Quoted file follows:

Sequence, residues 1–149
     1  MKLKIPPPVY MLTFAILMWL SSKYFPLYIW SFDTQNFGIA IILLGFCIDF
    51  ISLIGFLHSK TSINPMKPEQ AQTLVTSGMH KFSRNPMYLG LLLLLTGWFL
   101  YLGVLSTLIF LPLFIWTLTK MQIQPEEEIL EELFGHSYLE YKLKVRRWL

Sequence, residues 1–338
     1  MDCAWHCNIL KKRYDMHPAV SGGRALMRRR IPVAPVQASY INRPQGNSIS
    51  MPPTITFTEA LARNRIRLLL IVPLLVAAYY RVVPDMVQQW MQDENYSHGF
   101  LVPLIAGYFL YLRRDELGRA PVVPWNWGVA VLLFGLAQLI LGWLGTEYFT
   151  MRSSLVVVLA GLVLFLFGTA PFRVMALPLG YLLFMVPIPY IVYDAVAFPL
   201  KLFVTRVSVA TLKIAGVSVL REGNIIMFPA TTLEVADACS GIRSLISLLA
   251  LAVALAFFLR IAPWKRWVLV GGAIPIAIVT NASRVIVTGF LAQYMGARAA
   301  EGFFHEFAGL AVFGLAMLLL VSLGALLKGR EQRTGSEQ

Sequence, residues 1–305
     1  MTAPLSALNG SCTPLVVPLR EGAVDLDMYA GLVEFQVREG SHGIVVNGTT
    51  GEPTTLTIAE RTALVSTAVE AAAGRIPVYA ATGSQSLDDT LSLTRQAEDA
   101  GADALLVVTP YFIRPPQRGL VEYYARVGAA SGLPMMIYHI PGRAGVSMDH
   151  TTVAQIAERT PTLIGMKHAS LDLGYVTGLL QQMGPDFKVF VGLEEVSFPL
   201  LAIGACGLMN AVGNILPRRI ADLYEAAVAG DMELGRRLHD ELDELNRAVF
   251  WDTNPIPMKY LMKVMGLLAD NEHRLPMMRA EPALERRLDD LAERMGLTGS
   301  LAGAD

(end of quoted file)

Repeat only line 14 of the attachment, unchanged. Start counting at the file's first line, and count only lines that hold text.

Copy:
     1  MTAPLSALNG SCTPLVVPLR EGAVDLDMYA GLVEFQVREG SHGIVVNGTT